Buzzard’s luck, one AJC writer called it. I know. I was the writer, and I was describing the Braves’ plight in the 1990 draft. A forlorn franchise — its last winning season had been in 1983 — had finally been graced with the No. 1 overall pick, and the guy the Braves (and every other team) wanted most had scared them off.
So: Buzzard’s luck, which is what occurs when you can’t kill anything and nothing will die. Bobby Cox, then the Braves’ general manager, had spent the weekend before the draft in Texas, trying to convince the high school pitcher Todd Van Poppel to sign with the Braves. No sale. Van Poppel stuck to his stated position: He wanted to play college ball for the Texas Longhorns, meaning that any team drafting him would likely wind up with nothing.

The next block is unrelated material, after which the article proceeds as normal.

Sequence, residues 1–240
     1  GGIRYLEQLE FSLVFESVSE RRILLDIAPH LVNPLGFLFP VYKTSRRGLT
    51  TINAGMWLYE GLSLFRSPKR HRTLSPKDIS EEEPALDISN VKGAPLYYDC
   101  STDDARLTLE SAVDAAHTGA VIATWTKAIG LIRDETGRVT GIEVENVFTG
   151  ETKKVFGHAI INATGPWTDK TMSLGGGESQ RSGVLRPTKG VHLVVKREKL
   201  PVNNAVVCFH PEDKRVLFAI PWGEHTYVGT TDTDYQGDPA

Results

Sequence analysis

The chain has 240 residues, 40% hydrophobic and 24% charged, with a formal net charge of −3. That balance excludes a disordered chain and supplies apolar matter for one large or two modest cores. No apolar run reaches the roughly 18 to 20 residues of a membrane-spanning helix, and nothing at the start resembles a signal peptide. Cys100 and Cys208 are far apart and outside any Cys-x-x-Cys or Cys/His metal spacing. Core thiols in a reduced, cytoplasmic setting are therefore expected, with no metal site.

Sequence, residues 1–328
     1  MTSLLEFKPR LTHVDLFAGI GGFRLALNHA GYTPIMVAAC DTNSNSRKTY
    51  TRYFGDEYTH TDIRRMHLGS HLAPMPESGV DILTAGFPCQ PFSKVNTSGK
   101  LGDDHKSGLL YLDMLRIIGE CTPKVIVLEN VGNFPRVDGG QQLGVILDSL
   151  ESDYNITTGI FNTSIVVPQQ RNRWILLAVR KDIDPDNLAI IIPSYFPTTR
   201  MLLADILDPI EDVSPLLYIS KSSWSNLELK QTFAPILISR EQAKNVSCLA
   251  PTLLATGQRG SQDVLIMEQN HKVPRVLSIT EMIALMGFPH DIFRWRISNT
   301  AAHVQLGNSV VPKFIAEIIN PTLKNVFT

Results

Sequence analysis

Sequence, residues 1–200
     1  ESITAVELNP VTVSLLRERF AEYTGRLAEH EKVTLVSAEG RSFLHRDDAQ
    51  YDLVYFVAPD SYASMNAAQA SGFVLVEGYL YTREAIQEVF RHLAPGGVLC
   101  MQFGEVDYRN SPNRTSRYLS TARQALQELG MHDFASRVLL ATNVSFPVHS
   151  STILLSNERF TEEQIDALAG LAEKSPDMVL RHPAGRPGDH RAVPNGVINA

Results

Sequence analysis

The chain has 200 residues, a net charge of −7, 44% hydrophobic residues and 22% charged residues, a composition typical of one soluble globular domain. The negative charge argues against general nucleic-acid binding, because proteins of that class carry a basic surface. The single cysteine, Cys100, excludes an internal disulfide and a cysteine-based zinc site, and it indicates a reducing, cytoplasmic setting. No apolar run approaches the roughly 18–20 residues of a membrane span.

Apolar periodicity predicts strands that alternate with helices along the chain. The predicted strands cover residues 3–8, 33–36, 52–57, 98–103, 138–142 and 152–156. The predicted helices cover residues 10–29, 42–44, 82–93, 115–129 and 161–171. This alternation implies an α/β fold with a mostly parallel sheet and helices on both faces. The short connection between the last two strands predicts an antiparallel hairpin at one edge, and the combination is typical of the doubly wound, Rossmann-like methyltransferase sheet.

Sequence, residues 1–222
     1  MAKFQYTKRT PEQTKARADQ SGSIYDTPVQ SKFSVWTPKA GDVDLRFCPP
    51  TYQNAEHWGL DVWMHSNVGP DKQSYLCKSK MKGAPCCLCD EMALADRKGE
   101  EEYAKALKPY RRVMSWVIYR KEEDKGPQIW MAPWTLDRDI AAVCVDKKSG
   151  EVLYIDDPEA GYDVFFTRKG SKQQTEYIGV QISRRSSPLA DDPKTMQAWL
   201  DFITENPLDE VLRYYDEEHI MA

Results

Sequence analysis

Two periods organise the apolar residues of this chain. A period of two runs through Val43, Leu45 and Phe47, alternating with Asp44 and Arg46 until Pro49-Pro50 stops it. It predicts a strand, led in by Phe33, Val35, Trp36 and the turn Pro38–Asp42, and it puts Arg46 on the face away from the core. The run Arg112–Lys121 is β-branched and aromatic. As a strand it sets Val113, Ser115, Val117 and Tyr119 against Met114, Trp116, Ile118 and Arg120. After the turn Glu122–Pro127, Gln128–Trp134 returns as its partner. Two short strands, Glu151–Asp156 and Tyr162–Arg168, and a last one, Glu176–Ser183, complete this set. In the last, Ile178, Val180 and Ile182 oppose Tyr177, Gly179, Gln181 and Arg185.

Which, for an already forlorn franchise, would have been a new nadir: You get to exercise the No. 1 pick and you net a big fat